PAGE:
ComArtSci Emeritus Professor Honored With Faculty Emeriti Association Award

Paul Cooke, PhD., is the recipient of the 2024 Faculty Emeriti Association Award for “Outstanding Contributions by an Individual or Team of Faculty” for his many years as director of the longest-running collegiate overseas study program of its kind in the U.S.   

The Michigan State University Faculty Emeriti Association recognizes an individual MSU Faculty Emeritus or Emerita or a team of Emeriti faculty who following retirement have served the university community through contributions to a unit or program. 

Cooke began his MSU career in the Department of Communicative Sciences and Disorders (CSD) in 1977 and retired in 2014.  He took the lead of the department’s overseas study program in the United Kingdom in 1986. The program actually began the year before, when the department’s then-chair Dr. Leo Deal led a group of 15 speech-language pathology students to London.   

“During a meeting that fall, he said he’d love to run the program in 1986 but just couldn’t do it with all his other responsibilities as department chair,” Cooke said.  “He asked, ‘Is anybody else willing to do it?’ After some thought, I committed to direct the program the following year. Over the next several years, Drs. Leo Deal, Peter LaPine, Brad Rakerd and I directed or co-directed the program for five to six weeks.”   

Students are based in London, but also explore other cities, including Edinburgh and Dublin. The program integrates lectures from renowned experts in their field with clinical visits to prestigious hospitals, rehabilitation centers and schools. Cooke said the program showcases Europe’s patient-centric health care delivery model. 

“The U.S. has historically based its therapy programs on numbers and progress,” Cooke said.  “How many speech problems do you have?  How often do you stutter and how severe is it?  We do a lot of data collection and we’re excellent at that.  But in Europe, their approach is, ‘how does the disorder affect you personally?  How does it affect you on the job, or with your family?  The focus is on the person first, supplemented by the data.”   

Cooke also appreciates the international exposure the U.K. affords his students...and marvels at their sense of wonderment during what’s often their first trip overseas.   

“I taught classes for 37 years,” Cooke said.  “I don’t see them developing that level of personal growth in my on-campus classes over four months than I see in just a couple weeks in the U.K. They see a different way of life there that’s neither ‘right’ or ‘wrong;’ just different than what they’re accustomed to in America. They really expand out of their comfort zones while still growing in a safe environment.” 

Cooke continued to lead the CSD education abroad program following his retirement in 2014.  The program went on a forced hiatus for two years during the pandemic.  Then, something else happened that threw the program’s future into doubt.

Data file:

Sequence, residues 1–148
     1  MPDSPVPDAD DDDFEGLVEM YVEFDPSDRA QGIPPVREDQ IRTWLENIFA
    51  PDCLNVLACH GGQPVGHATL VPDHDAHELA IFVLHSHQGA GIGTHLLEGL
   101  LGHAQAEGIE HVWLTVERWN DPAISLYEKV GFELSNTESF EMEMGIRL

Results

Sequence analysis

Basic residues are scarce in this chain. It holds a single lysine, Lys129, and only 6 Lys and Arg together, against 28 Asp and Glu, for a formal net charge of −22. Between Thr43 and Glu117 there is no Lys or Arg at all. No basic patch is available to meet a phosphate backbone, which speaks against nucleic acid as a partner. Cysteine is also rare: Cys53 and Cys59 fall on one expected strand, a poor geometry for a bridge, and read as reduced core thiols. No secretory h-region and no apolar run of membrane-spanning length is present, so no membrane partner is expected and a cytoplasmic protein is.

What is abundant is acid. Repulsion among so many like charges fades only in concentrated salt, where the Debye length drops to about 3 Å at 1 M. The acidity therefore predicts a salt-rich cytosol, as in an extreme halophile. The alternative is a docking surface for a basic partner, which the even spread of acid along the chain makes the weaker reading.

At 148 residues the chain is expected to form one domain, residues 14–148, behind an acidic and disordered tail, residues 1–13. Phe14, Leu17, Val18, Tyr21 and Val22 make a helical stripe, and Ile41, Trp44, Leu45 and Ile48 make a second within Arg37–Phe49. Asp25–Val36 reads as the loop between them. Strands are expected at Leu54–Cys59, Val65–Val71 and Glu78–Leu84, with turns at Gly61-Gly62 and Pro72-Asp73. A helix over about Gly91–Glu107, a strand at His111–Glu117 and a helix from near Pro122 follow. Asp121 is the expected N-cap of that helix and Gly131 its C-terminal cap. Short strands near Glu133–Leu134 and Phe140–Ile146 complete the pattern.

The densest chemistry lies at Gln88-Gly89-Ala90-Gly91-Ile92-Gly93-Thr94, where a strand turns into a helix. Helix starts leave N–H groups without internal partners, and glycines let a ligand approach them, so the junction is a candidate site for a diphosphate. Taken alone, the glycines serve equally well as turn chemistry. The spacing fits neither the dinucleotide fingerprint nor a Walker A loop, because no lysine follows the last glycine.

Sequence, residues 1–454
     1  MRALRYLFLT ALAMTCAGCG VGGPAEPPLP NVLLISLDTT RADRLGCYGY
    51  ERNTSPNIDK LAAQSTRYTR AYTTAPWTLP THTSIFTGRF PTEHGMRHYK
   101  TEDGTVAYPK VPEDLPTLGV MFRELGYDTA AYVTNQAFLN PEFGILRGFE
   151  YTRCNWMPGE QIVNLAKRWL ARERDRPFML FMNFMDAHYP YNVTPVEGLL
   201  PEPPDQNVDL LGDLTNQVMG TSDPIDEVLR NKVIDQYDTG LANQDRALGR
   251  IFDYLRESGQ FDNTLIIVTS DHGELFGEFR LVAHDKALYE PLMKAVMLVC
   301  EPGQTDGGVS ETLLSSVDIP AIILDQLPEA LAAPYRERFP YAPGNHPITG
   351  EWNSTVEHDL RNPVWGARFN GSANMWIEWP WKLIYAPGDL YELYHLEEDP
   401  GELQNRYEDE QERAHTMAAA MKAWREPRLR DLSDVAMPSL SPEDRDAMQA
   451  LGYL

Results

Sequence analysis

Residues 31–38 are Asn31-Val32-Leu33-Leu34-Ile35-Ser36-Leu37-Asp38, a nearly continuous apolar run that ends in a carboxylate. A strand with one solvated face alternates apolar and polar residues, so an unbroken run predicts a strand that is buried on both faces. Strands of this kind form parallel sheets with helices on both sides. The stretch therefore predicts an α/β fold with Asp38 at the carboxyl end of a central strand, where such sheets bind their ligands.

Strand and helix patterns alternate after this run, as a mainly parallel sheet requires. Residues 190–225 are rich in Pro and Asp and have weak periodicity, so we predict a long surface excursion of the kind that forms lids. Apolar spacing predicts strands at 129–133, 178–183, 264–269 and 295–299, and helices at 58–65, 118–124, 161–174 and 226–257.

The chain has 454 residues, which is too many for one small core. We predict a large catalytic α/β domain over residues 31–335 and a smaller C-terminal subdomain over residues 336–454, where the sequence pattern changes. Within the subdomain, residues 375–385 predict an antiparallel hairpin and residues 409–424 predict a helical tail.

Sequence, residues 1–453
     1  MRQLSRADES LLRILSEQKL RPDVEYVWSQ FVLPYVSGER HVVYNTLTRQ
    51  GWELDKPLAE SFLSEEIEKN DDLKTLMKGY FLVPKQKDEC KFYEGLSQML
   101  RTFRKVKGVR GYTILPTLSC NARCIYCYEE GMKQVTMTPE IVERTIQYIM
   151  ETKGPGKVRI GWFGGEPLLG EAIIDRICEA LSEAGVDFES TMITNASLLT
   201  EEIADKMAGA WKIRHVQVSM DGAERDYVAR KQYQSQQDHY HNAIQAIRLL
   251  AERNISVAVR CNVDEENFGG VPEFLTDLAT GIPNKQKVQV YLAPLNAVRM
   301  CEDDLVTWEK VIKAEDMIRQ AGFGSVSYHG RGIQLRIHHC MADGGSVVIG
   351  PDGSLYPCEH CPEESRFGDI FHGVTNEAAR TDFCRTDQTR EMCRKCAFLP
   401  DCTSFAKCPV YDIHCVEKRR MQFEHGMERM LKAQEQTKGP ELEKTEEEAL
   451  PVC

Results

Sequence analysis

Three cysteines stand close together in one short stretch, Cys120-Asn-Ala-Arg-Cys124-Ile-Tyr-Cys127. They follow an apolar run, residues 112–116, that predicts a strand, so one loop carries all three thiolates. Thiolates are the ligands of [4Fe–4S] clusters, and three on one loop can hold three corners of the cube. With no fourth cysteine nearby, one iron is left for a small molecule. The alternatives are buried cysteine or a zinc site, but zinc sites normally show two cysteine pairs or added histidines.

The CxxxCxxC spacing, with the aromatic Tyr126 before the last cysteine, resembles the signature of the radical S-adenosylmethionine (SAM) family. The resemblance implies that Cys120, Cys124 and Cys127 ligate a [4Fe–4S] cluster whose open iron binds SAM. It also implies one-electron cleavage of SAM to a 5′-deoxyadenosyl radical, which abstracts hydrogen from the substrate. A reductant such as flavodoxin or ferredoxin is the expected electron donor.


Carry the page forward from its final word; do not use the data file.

“In the summer of 2021, I was diagnosed with Hodgkin’s lymphoma,” Cooke said.  “I wasn’t thinking about doing a study abroad program the next summer.” 

Cooke had spent decades organizing a summer program that required year-round commitment.  In the wake of his diagnosis, he wasn’t sure he would be up to creating budgets, class content and student orientations.  But Cooke didn’t want to see the program fade away...and neither did his CSD colleagues. 

“My colleagues, professors Jeff Searl and Dimitar Deliyski said ‘Paul, if you’re willing to put some energy into it for the summer, we’re willing to help in any way possible,’” Cooke said.  “If I could make the contacts, do some recruiting, give the students a feeling of what the program is like, then they would be willing to assist.  They were absolutely essential. So, that kickstarted us back into the education abroad program.”  

There were other challenges to overcome.  As Cooke planned for the 2022 summer program, he learned the United Kingdom would not allow American visitors to enter their facilities because of high COVID rates.  The likelihood of the program’s continuation looked improbable at best. 

Fortunately, Cooke had spent years of building trust and rapport among his peers. Working closely with Jeff Searl, he persevered and the education abroad experience continued. 

“The light opened at the end of the tunnel and we had another successful program,” Cooke said. 

Now, nearly four decades after organizing his first education abroad trip, Cooke will be formally recognized for his achievement on May 1 when he receives the Faculty Emeriti Association Award for “Outstanding Contributions by an Individual or Team of Faculty.”  

“I was quite surprised and honored that my department submitted the application, and the university awarded me this distinction,” Cooke said.  “It demonstrated that my commitment to the education abroad program over the last 10 years after my retirement was recognized by my colleagues.  I have been blessed that the CSD department has continued to support my efforts in providing life-changing value-added education for those student participants.”   

Long after his regular classroom instruction days have ended, Paul Cooke is still teaching and ensuring his legacy will continue.  He’s currently assembling a committee tasked with planning a 40th anniversary celebration in 2026. 

“My heart is in this program,” Cooke said.  “I just didn’t want it to end.  I wanted the department to continue it even when I’m not involved.  I want to make sure there’s a transition, and then I can hand off the baton.” 

By Kevin Lavery